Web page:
The social, religious and educational reforms of Maria Theresa also mark her reign as the true epoch of transition from medieval to modern conditions in Austria. In religious matters the empress, though a devout Catholic and herself devoted to the Holy See, was carried away by the prevailing reaction, in which her ministers shared, against the pretensions of the papacy. The anti-papal tendency, known as Febronianism (q.v.), had made immense headway, not only among the laity but among the clergy in the Austrian dominions. By a new law, papal bulls could not be published without the consent of the crown, and the direct intercourse of the bishops with Rome was forbidden; the privileges of the religious orders were curtailed; and the education of the clergy was brought under state control. It was, however, only with reluctance that Maria Theresa agreed to carry out the papal bull suppressing the Society of Jesus; and, while declaring herself against persecution, she could never be persuaded to accept the views of Kaunitz and Joseph in favour of toleration. Parallel with the assertion of the rights of the state as against the church, was the revolution effected in the educational system of the monarchy.

This, too, was taken from the control of the church; the universities were remodelled and modernized by the introduction of new faculties, the study of ecclesiastical law being transferred from that of theology to that of jurisprudence, and the elaborate system of elementary and secondary education was established, which survived with slight modification till 1869.

The death of Maria Theresa in 1780 left Joseph II. free to Joseph II. and "Josephinism." attempt the drastic revolution from above, which had been restrained by the wise statesmanship of his mother. He was himself a strange incarnation at once of doctrinaire liberalism and the old Habsburg autocracy. Of the essential conditions of his empire he was constitutionally unable to form a conception. He was a disciple, not of Machiavelli, but of Rousseau; and his scattered dominions, divided by innumerable divergences of racial and class prejudice, and encumbered with traditional institutions to which the people clung with passionate conservatism, he regarded as so much vacant territory on which to build up his ideal state. He was, in fact, a Revolutionist who happened also to be an emperor. "Reason" and "enlightenment" were his watchwords; opposition to his wise measures he regarded as obscurantist and unreasonable, and unreason, if it proved stubborn, as a vice to be corrected with whips. In this spirit he at once set to work to reconstruct the state, on lines that strangely anticipated the principles of the Constituent Assembly of 1789. He refused to be crowned or to take the oath of the local constitutions, and divided the whole monarchy into thirteen departments, to be governed under a uniform system.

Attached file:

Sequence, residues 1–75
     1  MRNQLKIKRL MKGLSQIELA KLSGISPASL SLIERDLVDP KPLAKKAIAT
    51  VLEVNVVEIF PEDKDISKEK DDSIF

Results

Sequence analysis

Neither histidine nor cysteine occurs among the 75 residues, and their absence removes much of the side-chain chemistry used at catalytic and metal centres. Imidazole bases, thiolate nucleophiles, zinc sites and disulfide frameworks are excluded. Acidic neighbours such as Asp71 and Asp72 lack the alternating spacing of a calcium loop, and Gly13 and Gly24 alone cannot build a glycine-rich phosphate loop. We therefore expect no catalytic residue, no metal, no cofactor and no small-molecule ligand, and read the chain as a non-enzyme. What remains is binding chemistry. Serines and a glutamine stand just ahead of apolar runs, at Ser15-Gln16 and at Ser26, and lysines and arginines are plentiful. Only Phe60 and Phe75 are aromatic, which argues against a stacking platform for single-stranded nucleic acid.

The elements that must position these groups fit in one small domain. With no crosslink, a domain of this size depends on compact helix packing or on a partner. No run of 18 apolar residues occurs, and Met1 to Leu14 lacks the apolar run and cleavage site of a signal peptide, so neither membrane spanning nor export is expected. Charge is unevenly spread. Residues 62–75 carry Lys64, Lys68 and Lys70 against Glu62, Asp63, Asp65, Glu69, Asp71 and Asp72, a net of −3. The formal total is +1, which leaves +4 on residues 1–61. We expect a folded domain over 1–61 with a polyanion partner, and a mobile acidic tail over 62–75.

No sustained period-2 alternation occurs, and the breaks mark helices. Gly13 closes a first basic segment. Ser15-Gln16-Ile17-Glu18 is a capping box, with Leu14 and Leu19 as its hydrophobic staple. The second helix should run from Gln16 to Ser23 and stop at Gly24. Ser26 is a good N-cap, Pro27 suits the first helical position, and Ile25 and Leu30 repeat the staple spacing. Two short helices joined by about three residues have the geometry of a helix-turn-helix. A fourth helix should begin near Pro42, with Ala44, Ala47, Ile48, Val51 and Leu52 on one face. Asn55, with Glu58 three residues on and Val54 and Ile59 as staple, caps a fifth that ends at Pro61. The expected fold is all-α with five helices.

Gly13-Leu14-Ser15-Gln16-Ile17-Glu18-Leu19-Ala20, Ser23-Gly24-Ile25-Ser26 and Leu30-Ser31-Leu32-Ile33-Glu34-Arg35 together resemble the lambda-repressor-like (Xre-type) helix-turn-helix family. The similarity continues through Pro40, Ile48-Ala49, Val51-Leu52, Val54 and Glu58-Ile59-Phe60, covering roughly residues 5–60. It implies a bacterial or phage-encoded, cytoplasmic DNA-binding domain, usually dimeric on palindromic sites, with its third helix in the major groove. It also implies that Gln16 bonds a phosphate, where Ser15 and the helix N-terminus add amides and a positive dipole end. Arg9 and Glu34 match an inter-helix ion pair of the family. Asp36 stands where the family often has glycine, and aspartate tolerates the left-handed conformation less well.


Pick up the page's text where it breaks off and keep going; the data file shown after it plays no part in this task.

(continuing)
In ecclesiastical matters his policy was also that of "reform from above," the complete subordination of the clergy to the state, and the severance of all effective ties with Rome. This treatment of the "Fakirs and Ulemas" (as he called them in his letters), who formed the most powerful element in the monarchy, would alone have ensured the failure of his plans, but failure was made certain by the introduction of the conscription, which turned even the peasants, whom he had done much to emancipate, against him. The threatened revolt of Hungary, and the actual revolt of Tirol and of the Netherlands (see Belgium: History) together with the disasters of the war with Turkey, forced him, before he died, to the formal reversal of the whole policy of reform.